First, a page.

Personal Capital Review: The Investor’s Version of Mint
- Review by Andrew Fiebert
Personal Capital is like Mint but for investors. It’s a free service that allows you to track all of your investments in one place. We recommend you add it to your financial toolbox.
I remember going into a Travel Agency with my mom to plan our family vacations. We knew where we wanted to go but we didn’t know the details like what we would see on our trip, where we would stay or how we would get there. At the time the easiest way to plan a trip involved talking to an expert or consulting colorful pamphlets.
When websites like Expedia or Orbitz bust onto the scene they solved an important problem – information imbalance. The Travel Agent existed simply because they had access to information the average person didn’t and they were willing to make phone calls and book a trip for you. With all of this information at our finger tips and the automation of most of the booking process we now gladly book vacations ourselves. We also save money by cutting out the middlemen (the Travel Agent).
Personal Capital solves that very same problem for investors – information imbalance.
There are practically infinite choices for you to park your money. Vanguard’s Total Stock Market Index Fund (VTI) has over 3,700 stocks that it invests in and across the world there are over 45,000 companies listed on the stock market. Not to mention there are Bonds, REITs and a whole slew of other things you could invest in.
You’re going to be impressed.
Personal Capital is a free research and analytical tool that empowers the average investor to make the best possible decisions with their money. In a world of well-funded highly sophisticated, this tool goes a long way towards leveling the playing field.
If you’ve a fan of Listen Money Matters for even a short time, you are probably tracking your spending in Mint. But how are you tracking your investments? Personal Capital gives you that fifty foot overview which has made us such fans of Mint.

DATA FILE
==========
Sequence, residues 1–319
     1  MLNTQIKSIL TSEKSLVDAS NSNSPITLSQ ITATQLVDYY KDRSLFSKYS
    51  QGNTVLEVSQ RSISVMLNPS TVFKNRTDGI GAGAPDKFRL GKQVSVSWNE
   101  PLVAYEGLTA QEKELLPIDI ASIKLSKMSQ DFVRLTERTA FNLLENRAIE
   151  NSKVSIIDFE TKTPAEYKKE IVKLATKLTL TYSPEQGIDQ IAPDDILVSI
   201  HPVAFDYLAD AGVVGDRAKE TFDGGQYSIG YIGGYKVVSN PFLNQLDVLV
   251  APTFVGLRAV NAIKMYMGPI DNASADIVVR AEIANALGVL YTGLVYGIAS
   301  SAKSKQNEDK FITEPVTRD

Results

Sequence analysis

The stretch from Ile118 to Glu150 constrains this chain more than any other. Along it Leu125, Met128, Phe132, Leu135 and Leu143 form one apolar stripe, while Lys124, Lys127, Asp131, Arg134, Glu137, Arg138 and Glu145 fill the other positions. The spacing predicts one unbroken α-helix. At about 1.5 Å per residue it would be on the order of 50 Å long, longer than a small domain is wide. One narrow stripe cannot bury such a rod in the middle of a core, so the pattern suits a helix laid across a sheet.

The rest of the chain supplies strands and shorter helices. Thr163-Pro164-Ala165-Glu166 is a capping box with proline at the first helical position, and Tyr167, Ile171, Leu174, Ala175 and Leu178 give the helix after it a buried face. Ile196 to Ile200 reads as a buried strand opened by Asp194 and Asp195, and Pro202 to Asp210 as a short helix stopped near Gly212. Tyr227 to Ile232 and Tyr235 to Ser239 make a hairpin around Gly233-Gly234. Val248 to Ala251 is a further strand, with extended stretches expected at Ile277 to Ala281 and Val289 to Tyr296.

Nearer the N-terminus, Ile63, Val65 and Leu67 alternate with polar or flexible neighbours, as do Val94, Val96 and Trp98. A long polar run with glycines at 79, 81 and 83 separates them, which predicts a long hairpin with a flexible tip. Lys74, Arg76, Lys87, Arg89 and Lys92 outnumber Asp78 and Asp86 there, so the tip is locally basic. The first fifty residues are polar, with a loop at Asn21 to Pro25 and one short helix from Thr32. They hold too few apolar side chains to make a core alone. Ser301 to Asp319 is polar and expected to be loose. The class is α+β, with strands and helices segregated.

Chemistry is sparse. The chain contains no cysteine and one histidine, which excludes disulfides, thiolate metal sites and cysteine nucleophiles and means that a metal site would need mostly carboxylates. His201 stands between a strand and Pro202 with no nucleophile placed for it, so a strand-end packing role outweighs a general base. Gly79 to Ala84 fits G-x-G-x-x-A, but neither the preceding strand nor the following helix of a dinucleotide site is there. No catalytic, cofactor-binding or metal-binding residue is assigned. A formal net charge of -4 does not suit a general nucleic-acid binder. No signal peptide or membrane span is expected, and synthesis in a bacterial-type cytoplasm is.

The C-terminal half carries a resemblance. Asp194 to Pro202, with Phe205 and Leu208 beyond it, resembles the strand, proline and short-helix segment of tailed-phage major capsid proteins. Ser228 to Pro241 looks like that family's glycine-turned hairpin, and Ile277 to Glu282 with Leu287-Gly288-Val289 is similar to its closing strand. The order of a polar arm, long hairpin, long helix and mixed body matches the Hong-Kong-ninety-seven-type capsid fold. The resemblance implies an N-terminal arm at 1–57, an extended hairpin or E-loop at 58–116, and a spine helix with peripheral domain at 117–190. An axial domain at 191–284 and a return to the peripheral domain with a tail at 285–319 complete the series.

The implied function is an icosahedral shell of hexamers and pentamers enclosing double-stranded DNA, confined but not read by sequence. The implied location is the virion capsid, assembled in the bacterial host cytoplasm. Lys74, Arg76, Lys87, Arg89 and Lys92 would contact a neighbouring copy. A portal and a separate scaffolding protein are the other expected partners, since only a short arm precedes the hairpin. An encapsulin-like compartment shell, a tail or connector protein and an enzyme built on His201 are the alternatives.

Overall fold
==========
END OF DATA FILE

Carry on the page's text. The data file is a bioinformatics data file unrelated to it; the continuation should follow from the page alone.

While it’s a pretty important tool for every investor, it’s absolutely necessary for people who contribute to 401ks / TSPs and DIY investors.
In this Personal Capital Review we’re going to break down all of the tool’s components and explain why they matter and how to use them. The goal is for you to be able to roll off this review and become productive immediately.
Tracking Your Returns
You might have heard this quote from Peter Drucker, “If you can’t measure it, you can’t manage it.” Peter was a famous management executive and pioneered how people are organized across corporate and government organizations.
A cornerstone of his philosophy was the importance of data and using it to drive decision making. How can you make a decision if you don’t have any information which to base it on?
Investing is no different. How can you decide to change your investing approach or stay the course if you don’t know how you’re doing? Even if you used no other feature of Personal Capital, you should use it to track your investment performance across all of your accounts.
Mint does let you track investments too but if you’ve ever used it then you’d easily dismiss it – It just sucks.
Obliterate your 401k Fees
Perhaps my favorite part about Personal Capital is their 401k Fee Analyzer. This was the first part of their service that I wrote about in depth. For the lazy, their tool basically points out in glaring read where you’re getting robbed.
Most people don’t know that only 1% in fees can eat up to 28% of your total returns over the course of a 37 year period. That’s insane. Most people complain when they have to give the federal government less than that in taxes. The biggest difference is that you get nothing in return for these high fees – except for being called a sucker.
I highly recommend you read my article but just know that it’s actually very easy to reduce your fees to almost nothing while retaining all of the value of your investments. We’ve seen as much with our Betterment Review and half the internet has documented the same thing with Vanguard.